As the new school year approaches, Richardson ISD is working to ease student and teacher health concerns by ensuring a safe learning environment for all.
“Everyone is all hands on deck, preparing for September and preparing for Aug. 19,” Superintendent Jeannie Stone said of the upcoming school year’s respective in-person and virtual start dates.
More than 53%, or 19,938 students, plan to return for face-to-face learning Sept. 8, according to a presentation made at the Aug. 10 board of trustees meeting. Roughly 45%, or 16,859 students, will participate in virtual learning. The remaining 1.6% of students polled will not return to the district this fall.
Of the 3,220 responses from staff members, 46.6% said they were interested in virtual school. In a separate question, 37.8% of staff said they were very concerned about returning to face-to-face instruction.
The number of students and staff opting for face-to-face versus virtual school were fairly even keeled, Deputy Superintendent Tabitha Branum said.
“The supply and demand on each side was pretty equal,” she said.
All students will begin the school year Aug. 19 in a fully virtual format, per a Dallas County order. To ensure students have the tools to be successful, the district has been preparing its technology department, Chief Technology Officer Henry Hall said.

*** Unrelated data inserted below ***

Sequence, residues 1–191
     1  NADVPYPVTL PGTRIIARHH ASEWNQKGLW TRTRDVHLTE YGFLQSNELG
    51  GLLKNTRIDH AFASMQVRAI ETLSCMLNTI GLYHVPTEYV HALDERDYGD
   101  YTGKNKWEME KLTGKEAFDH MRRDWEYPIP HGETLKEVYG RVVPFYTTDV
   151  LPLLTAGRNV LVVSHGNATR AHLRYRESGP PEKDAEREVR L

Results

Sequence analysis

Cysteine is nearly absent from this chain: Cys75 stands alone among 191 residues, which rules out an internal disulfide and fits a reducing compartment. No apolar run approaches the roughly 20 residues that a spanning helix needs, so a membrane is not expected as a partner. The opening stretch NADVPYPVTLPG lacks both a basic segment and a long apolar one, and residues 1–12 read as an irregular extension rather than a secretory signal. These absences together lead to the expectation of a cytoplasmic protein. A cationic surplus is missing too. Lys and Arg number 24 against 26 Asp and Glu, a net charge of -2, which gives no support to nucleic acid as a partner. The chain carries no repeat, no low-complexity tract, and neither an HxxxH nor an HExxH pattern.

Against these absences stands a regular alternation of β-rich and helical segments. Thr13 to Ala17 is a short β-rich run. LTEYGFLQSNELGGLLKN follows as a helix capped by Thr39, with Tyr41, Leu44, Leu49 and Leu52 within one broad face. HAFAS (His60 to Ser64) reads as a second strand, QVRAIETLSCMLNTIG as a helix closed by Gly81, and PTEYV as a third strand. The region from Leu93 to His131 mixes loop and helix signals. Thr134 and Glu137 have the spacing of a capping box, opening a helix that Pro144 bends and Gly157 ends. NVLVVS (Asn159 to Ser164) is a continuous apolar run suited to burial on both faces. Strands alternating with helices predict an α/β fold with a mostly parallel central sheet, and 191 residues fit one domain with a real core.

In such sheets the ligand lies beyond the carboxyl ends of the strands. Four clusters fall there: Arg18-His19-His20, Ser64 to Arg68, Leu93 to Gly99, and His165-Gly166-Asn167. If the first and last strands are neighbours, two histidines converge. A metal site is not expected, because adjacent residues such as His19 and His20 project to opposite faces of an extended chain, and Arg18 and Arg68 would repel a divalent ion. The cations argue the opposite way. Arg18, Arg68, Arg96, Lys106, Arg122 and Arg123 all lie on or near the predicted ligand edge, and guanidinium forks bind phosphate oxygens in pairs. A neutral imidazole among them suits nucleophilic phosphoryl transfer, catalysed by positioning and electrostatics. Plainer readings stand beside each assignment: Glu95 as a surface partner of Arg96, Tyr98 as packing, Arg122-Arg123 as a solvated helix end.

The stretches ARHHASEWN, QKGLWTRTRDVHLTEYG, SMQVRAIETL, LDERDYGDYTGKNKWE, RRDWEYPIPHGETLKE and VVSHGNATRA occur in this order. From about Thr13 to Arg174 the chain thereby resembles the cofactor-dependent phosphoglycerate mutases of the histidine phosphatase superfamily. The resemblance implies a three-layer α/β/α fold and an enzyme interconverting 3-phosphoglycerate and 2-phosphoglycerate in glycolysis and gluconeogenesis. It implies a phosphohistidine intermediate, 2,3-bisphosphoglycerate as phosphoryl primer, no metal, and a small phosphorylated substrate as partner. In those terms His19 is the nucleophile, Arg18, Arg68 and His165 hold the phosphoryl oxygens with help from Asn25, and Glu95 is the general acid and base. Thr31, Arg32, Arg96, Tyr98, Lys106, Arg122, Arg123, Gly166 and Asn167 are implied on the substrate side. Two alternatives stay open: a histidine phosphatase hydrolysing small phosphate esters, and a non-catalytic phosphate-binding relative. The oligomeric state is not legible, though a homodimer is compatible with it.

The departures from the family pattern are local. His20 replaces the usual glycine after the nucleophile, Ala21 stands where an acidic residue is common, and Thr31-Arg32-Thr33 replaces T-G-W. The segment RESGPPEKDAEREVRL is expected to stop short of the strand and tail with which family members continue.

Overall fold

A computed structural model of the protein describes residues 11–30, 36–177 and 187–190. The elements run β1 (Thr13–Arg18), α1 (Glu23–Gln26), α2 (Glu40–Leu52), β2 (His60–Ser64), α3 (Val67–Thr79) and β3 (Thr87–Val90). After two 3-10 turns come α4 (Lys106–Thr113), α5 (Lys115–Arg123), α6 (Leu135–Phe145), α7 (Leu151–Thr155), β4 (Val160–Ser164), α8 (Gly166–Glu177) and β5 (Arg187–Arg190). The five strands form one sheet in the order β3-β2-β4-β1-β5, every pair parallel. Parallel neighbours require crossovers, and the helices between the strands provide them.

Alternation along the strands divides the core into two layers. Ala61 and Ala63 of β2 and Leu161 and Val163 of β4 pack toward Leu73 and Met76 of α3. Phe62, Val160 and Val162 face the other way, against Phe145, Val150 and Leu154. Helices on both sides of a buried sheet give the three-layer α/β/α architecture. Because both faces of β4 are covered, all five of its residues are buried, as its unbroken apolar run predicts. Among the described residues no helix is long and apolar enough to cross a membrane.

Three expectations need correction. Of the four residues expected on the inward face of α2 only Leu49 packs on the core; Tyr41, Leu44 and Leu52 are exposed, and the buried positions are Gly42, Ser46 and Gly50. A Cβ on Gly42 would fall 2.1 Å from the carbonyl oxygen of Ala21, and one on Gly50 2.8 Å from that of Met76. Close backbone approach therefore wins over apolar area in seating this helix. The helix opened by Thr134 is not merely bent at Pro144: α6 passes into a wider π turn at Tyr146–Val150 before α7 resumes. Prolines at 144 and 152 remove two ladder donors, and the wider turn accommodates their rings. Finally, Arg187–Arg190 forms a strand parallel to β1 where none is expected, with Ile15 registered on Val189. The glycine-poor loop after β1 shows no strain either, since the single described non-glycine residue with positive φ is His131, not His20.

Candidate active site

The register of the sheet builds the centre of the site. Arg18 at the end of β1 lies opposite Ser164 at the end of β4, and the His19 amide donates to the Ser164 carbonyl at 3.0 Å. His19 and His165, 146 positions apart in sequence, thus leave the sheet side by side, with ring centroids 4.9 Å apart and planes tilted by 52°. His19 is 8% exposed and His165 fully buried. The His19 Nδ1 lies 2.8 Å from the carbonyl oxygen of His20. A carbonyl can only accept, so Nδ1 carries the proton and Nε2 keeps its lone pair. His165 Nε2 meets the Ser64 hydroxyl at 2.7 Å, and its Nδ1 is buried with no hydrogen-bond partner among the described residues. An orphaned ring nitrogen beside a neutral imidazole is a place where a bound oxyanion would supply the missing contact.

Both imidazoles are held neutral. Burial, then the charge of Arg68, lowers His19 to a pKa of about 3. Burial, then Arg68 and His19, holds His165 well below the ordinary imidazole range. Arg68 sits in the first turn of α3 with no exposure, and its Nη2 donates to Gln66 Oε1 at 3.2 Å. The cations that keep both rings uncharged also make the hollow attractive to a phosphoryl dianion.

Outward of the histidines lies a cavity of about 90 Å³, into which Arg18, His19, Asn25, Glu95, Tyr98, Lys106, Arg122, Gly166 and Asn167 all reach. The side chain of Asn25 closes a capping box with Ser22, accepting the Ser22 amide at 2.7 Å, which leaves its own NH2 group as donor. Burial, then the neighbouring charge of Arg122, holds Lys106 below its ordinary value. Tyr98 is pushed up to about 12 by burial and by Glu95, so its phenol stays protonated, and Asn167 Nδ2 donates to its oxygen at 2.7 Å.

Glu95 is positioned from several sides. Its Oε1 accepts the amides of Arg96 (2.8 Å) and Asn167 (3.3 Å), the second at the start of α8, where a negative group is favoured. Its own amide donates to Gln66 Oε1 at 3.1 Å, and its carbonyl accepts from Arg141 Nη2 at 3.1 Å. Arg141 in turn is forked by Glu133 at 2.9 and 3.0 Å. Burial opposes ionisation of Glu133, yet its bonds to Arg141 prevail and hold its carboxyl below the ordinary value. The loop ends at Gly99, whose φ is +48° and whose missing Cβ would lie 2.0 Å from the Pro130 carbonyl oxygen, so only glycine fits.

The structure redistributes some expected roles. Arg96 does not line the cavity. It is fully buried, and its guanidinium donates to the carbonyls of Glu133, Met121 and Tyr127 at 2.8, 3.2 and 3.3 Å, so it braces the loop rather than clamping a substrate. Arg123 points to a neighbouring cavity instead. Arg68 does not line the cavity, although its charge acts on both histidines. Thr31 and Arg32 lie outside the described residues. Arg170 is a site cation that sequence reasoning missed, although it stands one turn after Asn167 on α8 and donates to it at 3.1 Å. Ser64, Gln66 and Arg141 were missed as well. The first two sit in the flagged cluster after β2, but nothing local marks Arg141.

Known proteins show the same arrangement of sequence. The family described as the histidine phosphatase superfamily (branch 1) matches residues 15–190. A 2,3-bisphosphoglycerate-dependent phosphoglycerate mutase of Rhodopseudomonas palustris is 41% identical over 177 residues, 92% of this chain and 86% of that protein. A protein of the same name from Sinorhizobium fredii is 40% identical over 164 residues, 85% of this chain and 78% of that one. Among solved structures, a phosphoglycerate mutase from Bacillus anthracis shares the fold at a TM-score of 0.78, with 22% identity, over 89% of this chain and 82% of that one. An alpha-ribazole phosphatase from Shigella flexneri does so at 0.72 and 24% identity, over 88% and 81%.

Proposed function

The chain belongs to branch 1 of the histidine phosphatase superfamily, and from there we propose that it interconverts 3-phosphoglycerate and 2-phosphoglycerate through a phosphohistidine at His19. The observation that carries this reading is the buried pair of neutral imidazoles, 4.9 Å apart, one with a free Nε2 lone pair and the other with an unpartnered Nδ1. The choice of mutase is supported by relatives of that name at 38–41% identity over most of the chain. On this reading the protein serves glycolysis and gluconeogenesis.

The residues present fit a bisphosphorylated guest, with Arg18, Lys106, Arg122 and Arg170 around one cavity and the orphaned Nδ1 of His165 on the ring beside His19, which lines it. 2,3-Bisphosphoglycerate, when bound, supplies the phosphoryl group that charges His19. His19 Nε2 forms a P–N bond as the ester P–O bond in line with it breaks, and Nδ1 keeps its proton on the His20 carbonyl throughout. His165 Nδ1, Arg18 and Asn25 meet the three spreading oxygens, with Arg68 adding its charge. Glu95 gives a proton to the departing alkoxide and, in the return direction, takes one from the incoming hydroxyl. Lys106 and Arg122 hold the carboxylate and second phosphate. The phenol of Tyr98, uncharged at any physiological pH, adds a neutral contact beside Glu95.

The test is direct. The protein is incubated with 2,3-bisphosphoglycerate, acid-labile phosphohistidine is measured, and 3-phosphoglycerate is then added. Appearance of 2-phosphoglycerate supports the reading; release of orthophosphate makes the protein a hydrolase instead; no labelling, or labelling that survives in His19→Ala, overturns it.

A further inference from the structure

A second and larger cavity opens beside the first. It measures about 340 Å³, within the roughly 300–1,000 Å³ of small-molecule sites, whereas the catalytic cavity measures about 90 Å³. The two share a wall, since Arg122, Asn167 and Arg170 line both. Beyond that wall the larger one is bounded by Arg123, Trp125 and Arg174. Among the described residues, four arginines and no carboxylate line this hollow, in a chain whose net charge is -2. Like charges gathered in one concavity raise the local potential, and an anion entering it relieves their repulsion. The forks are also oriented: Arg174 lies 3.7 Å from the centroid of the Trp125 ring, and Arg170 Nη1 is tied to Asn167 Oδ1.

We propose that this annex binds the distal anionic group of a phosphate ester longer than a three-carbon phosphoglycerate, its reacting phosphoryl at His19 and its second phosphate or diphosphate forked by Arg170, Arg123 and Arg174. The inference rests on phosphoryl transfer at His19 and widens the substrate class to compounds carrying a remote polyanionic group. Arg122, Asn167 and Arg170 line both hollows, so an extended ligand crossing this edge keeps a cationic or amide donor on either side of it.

Over 30,000 devices have been issued since March, Hall said. The district has also extended its help desk services for students and parents.
The district paired with Operation Connectivity, a statewide initiative that began in Dallas ISD and aims to deliver internet connectivity and device solutions for school districts, according to a May 8 press release from the Office of Gov. Greg Abbott. The Texas Education Agency and several other Collin County districts are also part of the coalition.
Extensive virtual learning training for staff has been ongoing, said Kristin Byno, assistant superintendent of teaching and learning. The training helped teachers navigate both synchronous—or real-time, teacher-guide learning—and asynchronous learning, a self-guided method that involves intermittent teacher contact. Both methods will be used in the virtual school format.
Stone also spoke about the possibility of extending the Sept. 8 in-person start date. She said the district will continue to work with local health experts in making that decision.
To find the district’s return-to-school plans, click here.